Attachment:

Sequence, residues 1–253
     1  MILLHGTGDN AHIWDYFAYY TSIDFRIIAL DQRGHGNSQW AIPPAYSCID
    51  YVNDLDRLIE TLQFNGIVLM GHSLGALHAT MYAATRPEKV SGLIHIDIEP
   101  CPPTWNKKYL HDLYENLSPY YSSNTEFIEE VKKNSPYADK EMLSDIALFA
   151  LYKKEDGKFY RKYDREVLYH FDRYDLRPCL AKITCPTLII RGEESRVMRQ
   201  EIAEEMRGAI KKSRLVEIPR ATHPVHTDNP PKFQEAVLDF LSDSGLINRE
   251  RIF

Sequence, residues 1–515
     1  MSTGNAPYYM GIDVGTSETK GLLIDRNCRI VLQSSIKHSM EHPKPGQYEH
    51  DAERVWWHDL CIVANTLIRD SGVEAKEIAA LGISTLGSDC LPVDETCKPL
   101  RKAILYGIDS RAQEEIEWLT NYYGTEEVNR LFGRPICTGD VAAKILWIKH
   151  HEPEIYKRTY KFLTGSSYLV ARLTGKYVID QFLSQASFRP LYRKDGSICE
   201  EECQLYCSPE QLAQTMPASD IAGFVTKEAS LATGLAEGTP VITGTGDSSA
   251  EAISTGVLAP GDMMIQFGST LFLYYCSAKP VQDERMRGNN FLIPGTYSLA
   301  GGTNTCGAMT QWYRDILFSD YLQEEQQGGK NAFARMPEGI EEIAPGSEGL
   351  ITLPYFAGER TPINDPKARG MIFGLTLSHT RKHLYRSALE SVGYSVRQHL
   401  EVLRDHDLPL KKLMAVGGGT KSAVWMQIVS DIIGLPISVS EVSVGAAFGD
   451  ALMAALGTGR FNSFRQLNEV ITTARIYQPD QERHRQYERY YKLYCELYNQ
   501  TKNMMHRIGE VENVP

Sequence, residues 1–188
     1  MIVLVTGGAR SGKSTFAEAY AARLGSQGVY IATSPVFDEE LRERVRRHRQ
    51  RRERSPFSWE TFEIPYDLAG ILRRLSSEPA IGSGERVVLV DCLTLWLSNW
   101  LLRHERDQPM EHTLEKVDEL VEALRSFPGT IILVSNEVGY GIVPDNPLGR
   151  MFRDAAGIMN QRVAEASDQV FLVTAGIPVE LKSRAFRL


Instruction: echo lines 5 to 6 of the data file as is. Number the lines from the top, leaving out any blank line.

   151  LYKKEDGKFY RKYDREVLYH FDRYDLRPCL AKITCPTLII RGEESRVMRQ
   201  EIAEEMRGAI KKSRLVEIPR ATHPVHTDNP PKFQEAVLDF LSDSGLINRE